- Primitivism and Demography — While demography involves some of the most controversial political issues, they are also some of the most important. But primitivism provides a unique insight to the issues by posing the question: more artificial management, or more natural management?
- The Primitivist Tradition — A rough text that outlines the bounds of the general primitivist tradition.
- Response to “Humanism or Antihumanism?” — Final set of clarifications regarding the relevance of humanism.
Wilderness and the American Mind, Roderick Nash — The “bible of the wilderness movement.” Addresses the progression of American sentiments toward wilderness specifically, but touches on the development of these attitudes worldwide. He begins with opinions in ancient civilizations; moves on to the discovery of the New World; the pioneer era; the Romantic movement; the creation of a “wilderness cult” in the U.S. and its development into the wilderness conservation movement; major figures like Muir, Thoreau, and Leopold; important events like Hetch Hetchy and Glen Canyon; the creation of a biocentrism; and developing international opinions on wilderness. He helps demonstrate the presence of a primitivist impulse in the wilderness movement, although he focuses mainly on the Romantic movement in this regard. He does not shy away from difficult facts of wilderness conservation, such as its origin in wealthy, urban populations alienated from nature; or the economic incentives that make wilderness preservation a possibility. His epilogue, “island civilization,” is a precursor to current ecomodernist ideas, which I have addressed in my review of Green Delusions and an older article, “Refuting the Apartheid Alternative.”
UNESCO: Its Purpose and Philosophy, Julian Huxley — An extremely revealing book, it outlines Huxley’s vision of a world society and UNESCO’s role in making it happen. Covers such topics as behavior control, psychological repression, the value of cultural history and art, eugenics, and education. Most useful because it makes clear what the project of world society entails and humanism’s relation to it.
World Society, John Burton — Much less useful than I thought it would be. It was popularized as a biological perspective of human needs in relation to world society. In fact the section covering that topic is short and superficial. Mostly an introductory text to basic problems in international relations, and not even a very thorough one.
Civilized Man’s Eight Deadly Sins, Konrad Lorenz — Outlines the straight-line of old guard green thought. Useful as an introduction to a handful of the most commonly-cited problems in green politics, and for its insights into how people of the 60s and 70s were talking about the issues. Lorenz is at times unnecessarily academic and preachy, but he apologizes for this in the introduction. Maybe good to recommend to newcomers, but boring to those already familiar with the basics.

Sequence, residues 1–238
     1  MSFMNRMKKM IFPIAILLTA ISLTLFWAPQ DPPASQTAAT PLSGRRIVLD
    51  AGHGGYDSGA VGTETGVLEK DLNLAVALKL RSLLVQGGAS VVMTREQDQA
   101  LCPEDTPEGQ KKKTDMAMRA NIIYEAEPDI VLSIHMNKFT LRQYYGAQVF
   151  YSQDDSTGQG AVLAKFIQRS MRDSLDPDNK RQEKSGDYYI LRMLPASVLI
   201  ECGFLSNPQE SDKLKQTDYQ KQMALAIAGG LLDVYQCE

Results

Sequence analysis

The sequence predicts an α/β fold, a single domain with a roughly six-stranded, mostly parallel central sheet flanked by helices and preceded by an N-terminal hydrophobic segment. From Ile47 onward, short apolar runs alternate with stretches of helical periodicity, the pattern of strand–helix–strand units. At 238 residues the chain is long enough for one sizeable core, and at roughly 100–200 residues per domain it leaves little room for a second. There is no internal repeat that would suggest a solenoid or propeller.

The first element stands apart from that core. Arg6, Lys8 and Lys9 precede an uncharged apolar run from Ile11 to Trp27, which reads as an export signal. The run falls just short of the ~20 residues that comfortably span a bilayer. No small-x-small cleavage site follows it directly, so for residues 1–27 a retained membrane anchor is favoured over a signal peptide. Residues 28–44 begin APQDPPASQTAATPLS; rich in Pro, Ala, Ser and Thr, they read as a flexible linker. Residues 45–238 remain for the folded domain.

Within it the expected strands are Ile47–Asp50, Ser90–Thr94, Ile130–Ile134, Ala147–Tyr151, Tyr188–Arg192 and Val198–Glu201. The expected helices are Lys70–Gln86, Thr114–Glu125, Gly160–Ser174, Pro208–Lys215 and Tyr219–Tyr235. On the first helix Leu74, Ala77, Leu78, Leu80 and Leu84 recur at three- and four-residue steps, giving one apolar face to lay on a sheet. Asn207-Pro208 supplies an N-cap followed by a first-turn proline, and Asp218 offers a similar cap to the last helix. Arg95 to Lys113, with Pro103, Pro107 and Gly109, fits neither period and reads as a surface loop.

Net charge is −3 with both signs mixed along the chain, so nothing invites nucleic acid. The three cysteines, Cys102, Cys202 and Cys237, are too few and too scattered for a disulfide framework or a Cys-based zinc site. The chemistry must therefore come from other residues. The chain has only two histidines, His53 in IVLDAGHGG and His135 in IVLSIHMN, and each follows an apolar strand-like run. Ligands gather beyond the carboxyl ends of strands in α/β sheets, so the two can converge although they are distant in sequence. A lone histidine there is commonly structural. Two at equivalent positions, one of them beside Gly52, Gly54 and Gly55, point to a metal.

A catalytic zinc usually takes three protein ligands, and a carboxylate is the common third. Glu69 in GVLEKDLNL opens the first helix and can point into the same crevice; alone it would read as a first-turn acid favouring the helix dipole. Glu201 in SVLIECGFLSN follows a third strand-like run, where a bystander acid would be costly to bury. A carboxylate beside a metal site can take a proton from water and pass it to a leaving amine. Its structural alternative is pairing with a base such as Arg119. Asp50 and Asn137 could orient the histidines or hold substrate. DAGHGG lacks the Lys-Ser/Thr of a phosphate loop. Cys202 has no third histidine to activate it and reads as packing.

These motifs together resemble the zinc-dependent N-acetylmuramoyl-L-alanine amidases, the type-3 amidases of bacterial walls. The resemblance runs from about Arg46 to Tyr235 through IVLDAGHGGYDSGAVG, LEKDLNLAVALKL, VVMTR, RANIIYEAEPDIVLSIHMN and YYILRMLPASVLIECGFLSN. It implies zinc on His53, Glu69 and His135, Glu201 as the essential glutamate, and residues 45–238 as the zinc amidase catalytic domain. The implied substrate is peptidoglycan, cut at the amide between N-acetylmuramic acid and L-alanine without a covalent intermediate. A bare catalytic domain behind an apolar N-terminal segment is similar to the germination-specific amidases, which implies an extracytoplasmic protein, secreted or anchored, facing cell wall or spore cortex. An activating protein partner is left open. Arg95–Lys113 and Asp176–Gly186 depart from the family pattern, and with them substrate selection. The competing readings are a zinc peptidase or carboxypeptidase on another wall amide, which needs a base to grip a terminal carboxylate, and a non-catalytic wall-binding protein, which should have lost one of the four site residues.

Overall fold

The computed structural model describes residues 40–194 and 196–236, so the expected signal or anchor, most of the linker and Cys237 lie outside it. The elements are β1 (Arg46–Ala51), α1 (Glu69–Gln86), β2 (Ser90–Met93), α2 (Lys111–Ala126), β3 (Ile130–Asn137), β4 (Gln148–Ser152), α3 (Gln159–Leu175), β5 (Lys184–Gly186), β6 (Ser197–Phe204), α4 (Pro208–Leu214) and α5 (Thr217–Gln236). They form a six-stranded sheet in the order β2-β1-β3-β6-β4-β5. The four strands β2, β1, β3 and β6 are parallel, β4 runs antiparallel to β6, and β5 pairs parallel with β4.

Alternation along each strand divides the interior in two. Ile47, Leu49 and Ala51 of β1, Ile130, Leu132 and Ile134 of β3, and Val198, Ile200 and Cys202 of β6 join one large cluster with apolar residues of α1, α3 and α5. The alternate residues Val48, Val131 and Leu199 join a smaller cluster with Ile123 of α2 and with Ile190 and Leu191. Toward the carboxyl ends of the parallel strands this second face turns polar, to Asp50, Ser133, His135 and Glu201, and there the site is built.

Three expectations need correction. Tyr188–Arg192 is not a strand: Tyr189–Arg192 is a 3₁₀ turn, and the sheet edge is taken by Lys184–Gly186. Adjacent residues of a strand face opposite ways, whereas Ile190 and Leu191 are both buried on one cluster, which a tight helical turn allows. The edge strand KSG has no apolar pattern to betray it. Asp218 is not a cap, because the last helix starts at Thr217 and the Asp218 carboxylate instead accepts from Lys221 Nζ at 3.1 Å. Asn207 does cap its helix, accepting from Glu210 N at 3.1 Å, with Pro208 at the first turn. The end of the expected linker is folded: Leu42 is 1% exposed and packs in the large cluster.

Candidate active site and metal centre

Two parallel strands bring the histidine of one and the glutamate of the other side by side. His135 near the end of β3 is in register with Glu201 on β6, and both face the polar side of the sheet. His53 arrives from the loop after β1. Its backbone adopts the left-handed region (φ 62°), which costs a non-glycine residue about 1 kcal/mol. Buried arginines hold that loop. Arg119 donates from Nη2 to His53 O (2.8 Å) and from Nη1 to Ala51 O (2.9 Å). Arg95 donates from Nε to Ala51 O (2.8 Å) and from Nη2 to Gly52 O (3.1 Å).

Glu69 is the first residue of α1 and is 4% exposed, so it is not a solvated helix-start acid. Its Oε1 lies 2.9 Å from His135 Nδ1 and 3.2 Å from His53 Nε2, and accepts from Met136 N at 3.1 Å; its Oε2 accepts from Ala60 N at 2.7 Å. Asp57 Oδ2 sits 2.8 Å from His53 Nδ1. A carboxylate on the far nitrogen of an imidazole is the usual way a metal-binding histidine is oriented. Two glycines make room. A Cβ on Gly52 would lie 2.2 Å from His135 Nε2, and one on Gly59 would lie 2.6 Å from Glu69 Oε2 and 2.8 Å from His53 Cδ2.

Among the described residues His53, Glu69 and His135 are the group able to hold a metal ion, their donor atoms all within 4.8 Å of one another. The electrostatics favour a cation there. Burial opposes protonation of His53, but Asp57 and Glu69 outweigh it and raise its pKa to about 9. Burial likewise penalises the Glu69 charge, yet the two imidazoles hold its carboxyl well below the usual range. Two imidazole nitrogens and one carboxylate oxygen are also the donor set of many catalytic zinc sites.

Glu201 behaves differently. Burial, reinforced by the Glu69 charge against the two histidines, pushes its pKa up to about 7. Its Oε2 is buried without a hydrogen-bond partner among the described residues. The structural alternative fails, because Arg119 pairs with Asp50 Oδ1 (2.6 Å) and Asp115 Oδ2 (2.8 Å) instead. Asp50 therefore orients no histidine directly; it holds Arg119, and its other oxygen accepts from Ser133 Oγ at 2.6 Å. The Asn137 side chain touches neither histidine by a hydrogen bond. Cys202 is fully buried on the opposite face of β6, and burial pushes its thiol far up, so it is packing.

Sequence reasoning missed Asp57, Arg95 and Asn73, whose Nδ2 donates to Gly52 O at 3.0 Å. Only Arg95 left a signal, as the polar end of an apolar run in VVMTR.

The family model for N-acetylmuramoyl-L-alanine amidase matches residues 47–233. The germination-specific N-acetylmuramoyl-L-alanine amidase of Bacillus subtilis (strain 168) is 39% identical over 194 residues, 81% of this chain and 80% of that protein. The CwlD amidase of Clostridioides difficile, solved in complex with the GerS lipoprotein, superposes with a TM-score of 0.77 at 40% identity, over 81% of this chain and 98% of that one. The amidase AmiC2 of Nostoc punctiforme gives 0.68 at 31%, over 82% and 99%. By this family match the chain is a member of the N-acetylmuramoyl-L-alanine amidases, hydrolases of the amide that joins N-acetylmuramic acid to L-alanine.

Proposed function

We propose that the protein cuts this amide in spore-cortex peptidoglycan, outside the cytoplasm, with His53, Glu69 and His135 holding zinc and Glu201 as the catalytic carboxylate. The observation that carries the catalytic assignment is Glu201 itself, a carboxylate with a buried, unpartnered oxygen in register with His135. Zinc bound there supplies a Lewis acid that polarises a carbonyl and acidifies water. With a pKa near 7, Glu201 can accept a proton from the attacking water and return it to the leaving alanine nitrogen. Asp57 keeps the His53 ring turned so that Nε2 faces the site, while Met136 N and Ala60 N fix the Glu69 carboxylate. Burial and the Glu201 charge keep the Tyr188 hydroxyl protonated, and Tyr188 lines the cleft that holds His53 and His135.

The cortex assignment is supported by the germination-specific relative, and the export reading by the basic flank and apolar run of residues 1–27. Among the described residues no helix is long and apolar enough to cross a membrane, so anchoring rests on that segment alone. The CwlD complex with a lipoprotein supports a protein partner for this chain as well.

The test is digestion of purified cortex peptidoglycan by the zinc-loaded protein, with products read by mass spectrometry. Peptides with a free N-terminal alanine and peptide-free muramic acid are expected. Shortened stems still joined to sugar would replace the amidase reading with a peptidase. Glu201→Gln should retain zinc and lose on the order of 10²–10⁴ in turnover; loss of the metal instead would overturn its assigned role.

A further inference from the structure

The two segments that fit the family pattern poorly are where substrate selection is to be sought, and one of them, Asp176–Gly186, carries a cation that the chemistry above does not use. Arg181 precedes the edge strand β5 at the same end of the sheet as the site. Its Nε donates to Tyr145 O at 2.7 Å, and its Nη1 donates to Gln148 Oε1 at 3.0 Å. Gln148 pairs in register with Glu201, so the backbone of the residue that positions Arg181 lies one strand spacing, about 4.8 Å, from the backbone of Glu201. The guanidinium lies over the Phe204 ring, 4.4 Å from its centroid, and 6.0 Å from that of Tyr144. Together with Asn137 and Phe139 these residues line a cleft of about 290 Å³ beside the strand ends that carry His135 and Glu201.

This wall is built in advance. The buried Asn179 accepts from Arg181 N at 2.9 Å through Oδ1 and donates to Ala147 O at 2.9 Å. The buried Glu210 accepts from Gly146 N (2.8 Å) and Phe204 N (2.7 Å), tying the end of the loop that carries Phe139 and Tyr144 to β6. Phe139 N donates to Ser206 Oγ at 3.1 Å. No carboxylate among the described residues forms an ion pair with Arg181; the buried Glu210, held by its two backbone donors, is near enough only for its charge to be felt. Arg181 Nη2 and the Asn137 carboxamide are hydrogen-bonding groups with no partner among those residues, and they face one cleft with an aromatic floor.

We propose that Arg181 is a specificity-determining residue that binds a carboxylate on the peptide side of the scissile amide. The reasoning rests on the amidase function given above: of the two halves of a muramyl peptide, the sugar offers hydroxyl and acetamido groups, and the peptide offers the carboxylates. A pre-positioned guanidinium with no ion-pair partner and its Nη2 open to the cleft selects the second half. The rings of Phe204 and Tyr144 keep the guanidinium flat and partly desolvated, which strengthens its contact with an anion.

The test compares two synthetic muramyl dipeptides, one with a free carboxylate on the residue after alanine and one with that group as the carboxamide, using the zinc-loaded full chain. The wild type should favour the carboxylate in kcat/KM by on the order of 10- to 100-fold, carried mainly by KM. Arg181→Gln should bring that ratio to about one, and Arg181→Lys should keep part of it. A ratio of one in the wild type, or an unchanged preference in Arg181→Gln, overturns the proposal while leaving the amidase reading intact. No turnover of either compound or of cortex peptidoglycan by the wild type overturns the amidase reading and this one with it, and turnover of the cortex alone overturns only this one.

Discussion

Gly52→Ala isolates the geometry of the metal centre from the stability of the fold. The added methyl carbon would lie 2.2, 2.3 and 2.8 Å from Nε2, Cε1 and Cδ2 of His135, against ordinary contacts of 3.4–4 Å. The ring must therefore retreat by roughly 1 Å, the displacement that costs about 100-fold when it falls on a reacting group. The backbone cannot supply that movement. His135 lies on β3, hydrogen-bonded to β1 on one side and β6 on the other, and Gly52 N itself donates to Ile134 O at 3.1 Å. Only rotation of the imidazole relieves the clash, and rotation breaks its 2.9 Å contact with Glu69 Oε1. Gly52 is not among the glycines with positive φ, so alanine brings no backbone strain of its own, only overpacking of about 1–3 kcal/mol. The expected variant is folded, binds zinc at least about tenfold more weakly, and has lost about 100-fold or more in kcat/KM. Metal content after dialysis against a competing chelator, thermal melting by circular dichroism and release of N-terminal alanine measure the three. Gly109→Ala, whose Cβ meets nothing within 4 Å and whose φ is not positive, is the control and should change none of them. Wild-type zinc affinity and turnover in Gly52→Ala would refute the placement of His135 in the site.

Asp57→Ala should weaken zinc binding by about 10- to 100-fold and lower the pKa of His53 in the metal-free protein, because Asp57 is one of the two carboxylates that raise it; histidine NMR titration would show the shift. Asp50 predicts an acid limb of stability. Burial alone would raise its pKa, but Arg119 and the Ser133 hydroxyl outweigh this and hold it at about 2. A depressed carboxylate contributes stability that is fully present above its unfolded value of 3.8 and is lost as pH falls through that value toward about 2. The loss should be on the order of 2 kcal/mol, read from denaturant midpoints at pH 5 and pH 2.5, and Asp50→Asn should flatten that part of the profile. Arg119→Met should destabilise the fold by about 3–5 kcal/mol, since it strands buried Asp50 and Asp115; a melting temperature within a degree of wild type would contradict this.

On the Web
How E-Commerce Sites Manipulate You Into Buying Things You May Not Want, New York Times — An article on a recent study on dark patterns on the web. Those interested in the topic might also check out the Dark Patterns website.
Confirmed: NASA Has Been Hacked, Forbes — “…the hackers apparently got as far as the Deep Space Network (DSN) array of radio telescopes and numerous other JPL systems.”
How Artificial Intelligence Is Changing Science, Quanta — “The latest AI algorithms are probing the evolution of galaxies, calculating quantum wave functions, discovering new chemical compounds and more. Is there anything that scientists do that can’t be automated?”
Exploitation, Conservation and Misconceptions: A History of the National Wildlife Refuge System, Modern Conservationist
Hacked documents reveal sensitive details of expanding border surveillance, The Washington Post
Edward Abbey Needs No Defense: A Response to Amy Irvine’s “Desert Cabal”… by Tonya Audyn Stiles, The Canyon County Zephyr — A review and response to a social justice critique of Edward Abbey
The Most Controversial Tree in the World, Pacific Standard — Is the genetically engineered chestnut tree an act of ecological restoration or a threat to wild forests?
The Most Dangerous Possible German, The New Atlantis — On the ambiguous legacy of Werner Heisenberg, quantum genius and would-be inventor of the Nazi A-bomb
Why Our Postwar “Long Peace” Is Fragile, Nautilus
Man-Computer Symbiosis, IRE Transactions on Human Factors in Electronics — One of the early cybernetic texts speculating on a merger between biology and technology. For a review of this kind of thinking for a popular audience, see Kevin Kelly’s Out of Control